Chabad has always been a part of his life, and so naturally, they’ve already connected with Chabad in Bal Harbor, a village in the Miami-Dade county as their destination, he explains. “We’ve heard great things about it and the community,” he says. They also happen to love Miami, where they met a decade ago during Passover. “We have good friends who live there,” he says, and it’s a relatively short flight back to his hometown of Lawrence, N.Y. “All of those things made it sound like a great option.”

More space, the growing trend to work from home, a quieter lifestyle and close-knit communities are other factors contributing to the new suburban migration.
More space, the growing trend to work from home, a quieter lifestyle and close-knit communities are other factors contributing to the new suburban migration.

Chabad Directors Help People Transition

Rabbi Yosef Wilhelm, co-director of the Chabad Young Professionals of the Upper East Side in New York City, has been watching people leave town since the end of March or April. More and more are going away, and for longer than the usual rush of city-dweller summer travel, he says. With offices closed, those who don’t have to be in the city have decamped for now, he says—or longer. “A lot of people are trying to make decisions,” he says, adding that many of those looking to take up residence elsewhere are young couples or young families whose kids need space to run around. “Some are still deciding.”

Others are waiting to see if their children’s schools will reopen, he adds, while parents have also enrolled in programs at their new destination. “They’ve dropped their leases. A bunch of people have packed up their belongings, put them in storage and said, ‘I’m going to Florida for a year, Jersey for a year, we’ll try it out.’ ”

Wilhelm said he’s been making some introductions, connecting people arriving in new cities to their local Chabad rabbis. But many of those leaving aren’t ready to meet new people yet, given the situation, and are just hunkering down to quarantine in safety.

Jackie Soleimani says she saw a long future in Manhattan, but now isn’t so sure where her family will land. An Upper East Side resident, she, her husband and their two young children are currently in New Jersey and considering a longer-term move to Long Island.

““We hope to return to the city, but it really depends on where things land with COVID and what the city looks like in a year,” she says. “What made living in the city so great was how convenient everything was, but now that has changed for the foreseeable future. Especially with young kids, the potential of being quarantined again to an apartment and limited to any outdoor activities makes the suburbs the better option for us, at least for now.”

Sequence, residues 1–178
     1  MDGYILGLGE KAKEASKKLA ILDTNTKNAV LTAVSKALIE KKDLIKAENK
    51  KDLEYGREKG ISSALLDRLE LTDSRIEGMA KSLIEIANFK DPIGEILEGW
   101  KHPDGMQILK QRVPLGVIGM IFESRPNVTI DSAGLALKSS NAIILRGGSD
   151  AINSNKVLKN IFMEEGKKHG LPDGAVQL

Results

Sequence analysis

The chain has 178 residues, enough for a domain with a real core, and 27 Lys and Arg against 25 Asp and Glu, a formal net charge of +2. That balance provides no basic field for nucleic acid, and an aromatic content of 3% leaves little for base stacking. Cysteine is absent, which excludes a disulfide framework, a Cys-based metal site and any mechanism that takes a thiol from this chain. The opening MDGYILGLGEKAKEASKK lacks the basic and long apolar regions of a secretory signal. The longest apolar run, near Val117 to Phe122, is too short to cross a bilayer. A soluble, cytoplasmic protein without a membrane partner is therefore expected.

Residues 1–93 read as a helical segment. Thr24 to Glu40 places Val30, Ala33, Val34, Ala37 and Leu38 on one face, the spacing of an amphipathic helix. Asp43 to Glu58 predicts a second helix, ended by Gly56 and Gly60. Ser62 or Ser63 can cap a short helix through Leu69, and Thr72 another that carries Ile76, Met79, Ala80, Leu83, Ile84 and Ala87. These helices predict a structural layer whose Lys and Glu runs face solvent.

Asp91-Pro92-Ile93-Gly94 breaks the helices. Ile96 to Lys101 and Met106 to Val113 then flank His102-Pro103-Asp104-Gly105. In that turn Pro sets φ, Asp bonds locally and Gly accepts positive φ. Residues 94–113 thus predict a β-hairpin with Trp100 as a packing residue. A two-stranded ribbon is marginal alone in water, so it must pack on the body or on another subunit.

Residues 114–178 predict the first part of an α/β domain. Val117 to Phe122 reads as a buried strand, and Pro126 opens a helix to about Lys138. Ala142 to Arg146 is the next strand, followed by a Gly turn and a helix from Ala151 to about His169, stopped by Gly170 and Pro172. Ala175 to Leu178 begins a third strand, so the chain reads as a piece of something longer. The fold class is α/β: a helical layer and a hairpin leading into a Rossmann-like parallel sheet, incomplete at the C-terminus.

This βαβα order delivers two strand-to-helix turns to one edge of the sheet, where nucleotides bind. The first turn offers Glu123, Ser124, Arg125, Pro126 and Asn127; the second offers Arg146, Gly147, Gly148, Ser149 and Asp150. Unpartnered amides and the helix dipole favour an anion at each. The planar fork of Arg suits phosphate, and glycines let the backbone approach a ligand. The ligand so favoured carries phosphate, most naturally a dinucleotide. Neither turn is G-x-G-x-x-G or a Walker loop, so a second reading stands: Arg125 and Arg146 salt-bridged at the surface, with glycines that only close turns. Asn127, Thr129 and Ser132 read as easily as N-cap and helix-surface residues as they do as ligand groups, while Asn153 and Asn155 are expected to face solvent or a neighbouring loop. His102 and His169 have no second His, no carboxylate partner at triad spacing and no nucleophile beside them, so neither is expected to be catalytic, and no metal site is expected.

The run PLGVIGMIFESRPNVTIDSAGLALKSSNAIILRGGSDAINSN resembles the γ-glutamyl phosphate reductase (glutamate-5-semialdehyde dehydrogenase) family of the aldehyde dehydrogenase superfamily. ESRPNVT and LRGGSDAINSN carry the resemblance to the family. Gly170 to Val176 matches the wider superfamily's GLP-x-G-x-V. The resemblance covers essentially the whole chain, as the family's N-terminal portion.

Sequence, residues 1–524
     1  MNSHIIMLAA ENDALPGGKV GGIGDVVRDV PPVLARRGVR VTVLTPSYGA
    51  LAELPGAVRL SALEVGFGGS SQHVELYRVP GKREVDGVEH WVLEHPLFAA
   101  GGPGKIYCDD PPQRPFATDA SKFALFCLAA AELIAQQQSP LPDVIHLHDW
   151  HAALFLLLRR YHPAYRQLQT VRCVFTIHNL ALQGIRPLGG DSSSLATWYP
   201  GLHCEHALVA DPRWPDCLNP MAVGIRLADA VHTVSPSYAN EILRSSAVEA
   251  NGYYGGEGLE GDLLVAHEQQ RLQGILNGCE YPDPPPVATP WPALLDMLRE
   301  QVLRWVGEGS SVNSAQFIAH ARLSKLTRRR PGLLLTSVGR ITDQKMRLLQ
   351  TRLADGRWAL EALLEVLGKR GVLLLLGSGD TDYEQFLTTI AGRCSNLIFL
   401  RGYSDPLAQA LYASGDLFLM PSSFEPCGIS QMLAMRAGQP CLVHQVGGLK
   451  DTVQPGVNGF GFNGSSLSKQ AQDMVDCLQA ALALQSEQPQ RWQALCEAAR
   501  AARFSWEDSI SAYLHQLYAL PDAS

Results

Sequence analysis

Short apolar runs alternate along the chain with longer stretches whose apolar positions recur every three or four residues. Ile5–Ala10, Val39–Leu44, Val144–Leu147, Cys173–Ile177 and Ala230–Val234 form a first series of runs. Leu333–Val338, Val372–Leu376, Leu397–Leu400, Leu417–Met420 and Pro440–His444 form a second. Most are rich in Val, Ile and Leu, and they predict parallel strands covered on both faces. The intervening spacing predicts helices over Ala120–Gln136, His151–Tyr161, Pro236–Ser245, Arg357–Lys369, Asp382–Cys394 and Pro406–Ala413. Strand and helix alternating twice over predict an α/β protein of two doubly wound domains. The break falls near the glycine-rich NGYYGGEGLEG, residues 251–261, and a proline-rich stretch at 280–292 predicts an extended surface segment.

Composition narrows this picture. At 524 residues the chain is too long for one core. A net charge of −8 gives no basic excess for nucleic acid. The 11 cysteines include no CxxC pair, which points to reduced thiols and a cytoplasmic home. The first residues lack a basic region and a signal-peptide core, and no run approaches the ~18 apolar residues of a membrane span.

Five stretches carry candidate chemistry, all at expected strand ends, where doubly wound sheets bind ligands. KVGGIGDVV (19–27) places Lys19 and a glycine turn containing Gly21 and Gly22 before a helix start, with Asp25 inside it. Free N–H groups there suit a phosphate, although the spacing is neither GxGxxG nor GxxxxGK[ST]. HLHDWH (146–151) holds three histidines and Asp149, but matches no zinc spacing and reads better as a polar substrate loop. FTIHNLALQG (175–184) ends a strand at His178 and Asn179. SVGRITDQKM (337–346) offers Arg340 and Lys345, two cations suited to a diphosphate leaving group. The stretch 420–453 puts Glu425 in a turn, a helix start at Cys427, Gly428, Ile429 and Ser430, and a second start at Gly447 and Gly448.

Rochel Butman, director of Chabad of Westchester, which serves New Rochelle and the surrounding area, says she’s seeing many houses selling quickly. City-to-suburbs is a common move, especially for young families, but this time is different, she says. She started getting more calls in June, which is uncommon, especially with regard to the preschool. “People are moving, people are calling for schools to ask about the community—I see a big move from the city,” she says. “There are always people moving from the city, but there became many more in the last couple of months.”

She’s taking a few calls a week now, as opposed to the two or three she’d usually get at the last minute about enrolling people’s kids, adding that they’ll probably have nearly a dozen extra sign-ups before the summer is out. “It’s not the usual situation,” she says.

And while it’ll likely mean growth for the Chabad center as it expands programming to meet the needs of new arrivals along with the current community, she says she wishes it were happening under better conditions. “I’m happy to be here for people but because of the circumstances, I can’t say it’s exciting,” she acknowledges. “It’s a serious time, and we’re here to help people.”